Session ONE – Building Cyber Resilience across the Public Sector
- Building cyber security resilience, awareness, preparedness, capability and skills across the public sector
- Protecting vital interests and securing critical national infrastructure in a modern information economy
- Reforming government services through new delivery models and ways of working
- Operating securely and efficiently in the digital by default era
- Unlocking key savings in a bid to make the public sector lean, efficient and more personal
- Security as an enabler, rather than a barrier, for efficient lean government
The Conference Chair's Opening Remarks
John Thornton, Secretary, Digital Government Security Forum (DGSF)
Morning Keynote Address: Safeguarding the UK
National Cyber Security Centre (invited)
The National Cyber Security Strategy (NCSS) was launched over a year ago in response to the growing cyber security challenges and risks faced by the UK. As part of the strategy, the government invested £1.9bn in projects like the National Cyber Security Centre (NCSC) which has since responded to hundreds of cyber incidents.
In this opening keynote session we explore how the initiatives to date have supported public sector bodies and businesses, how skills are being harnessed to meet the need for cyber professionals, and how collaborative partnerships are countering cyber risks. We consider:
- The NCSC’s progress in building capability and mitigating risks across the public sector
- The important role of leadership in cyber risk management
- Risk-based approaches to detecting and defeating threats
- Working in partnership with the private sector with a view to increasing cyber situational awareness and sharing information
- Strengthening law enforcement to tackle threats and response mechanisms
- Security considerations for emerging technologies (cloud, big data, IoT)
Developing your Resilience against Cyber Attack
NHS England (invited)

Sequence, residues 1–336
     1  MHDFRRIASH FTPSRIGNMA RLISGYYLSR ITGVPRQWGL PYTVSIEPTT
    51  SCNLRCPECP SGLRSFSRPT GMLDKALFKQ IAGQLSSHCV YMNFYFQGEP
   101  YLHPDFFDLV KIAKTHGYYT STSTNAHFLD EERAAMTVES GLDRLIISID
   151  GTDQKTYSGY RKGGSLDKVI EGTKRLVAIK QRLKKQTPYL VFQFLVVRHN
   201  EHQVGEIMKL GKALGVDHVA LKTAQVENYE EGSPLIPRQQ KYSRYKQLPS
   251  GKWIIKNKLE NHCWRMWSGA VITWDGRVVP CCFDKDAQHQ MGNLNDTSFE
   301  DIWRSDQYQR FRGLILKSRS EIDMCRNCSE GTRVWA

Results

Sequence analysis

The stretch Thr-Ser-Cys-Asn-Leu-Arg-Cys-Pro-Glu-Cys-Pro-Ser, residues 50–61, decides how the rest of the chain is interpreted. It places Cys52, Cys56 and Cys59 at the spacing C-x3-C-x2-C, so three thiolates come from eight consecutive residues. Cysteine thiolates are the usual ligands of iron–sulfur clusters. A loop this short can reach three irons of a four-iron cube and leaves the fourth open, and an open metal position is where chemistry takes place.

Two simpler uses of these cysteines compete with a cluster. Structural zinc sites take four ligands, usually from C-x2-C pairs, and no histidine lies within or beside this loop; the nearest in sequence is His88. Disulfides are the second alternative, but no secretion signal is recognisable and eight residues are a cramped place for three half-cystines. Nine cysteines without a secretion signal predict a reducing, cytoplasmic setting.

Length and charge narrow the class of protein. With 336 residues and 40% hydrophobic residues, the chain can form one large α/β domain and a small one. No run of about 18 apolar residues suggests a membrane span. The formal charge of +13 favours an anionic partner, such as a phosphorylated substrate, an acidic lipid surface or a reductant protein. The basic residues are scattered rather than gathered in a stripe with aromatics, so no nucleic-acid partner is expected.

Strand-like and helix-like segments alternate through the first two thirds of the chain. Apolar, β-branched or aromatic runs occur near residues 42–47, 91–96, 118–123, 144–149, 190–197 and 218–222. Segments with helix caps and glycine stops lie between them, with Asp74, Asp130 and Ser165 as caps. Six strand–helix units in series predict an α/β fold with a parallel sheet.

A quarter of local councils – equating to 115 councils – say they fell victim to ransomware attacks last year. More than a third of NHS trusts were disrupted by the WannaCry ransomware attack in 2017, resulting in thousands of appointments and operations being cancelled.
- What can organisations do to minimise the risk of being affected by a rnsomware attack?
- How can they build a robust business continuity plan?
We hear about the importance of a collaborative approach in improving situational awareness and national incident management. This session covers how organisations can develop – and test – their resiliency and act on lessons learned.
Securing really big data – can it be done and still work for ‘the business’?
Andy Wall, Chief Security Officer, Office for National Statistics
The rapid development of business technology is facilitating the processing and analysis of more data, in richer and more complex forms, supported by appropriate methods and standards. Many Government departments are expanding their analytical capability to make better use of this to inform and improve their public services. At the Office for National Statistics this ability to exploit the power of data is a key ingredient for our success to enable official statistics to support the most important decisions facing the country. But, it also creates headaches for security. It pushes the boundaries of what can be secured without disrupting business operations. It creates tensions between business owners and security about access vs protection. How does security respond?
Gain insight into the challenges in managing security in fast-paced, evolving big data environments through our work to protect data within ONS. Learn about building a principles-driven security framework based on threat, an organisation-wide data handling approach, a consistent model to value the content data and how this flows through business decision-making on risk, supported by security.
Training a New Generation of Cyber Security Experts
Department for Culture, Media and Sport (DCMS) (invited)
It is estimated that the global cyber security workforce shortage will widen to 1.5 million by 2020. The UK government is acutely aware of this shortfall and is working to address the skills gap through various short and long term initiatives.
- What investments are being made to train a new generation of cyber security experts to combat the ever growing threats posed by cybercrime?
- How can public sector bodies harness in-house talent to build capabilities and resilience?
Security and Building a Dynamic Delivery Team
Mahbubul Islam, Head of Secure Design, Department for Work and Pensions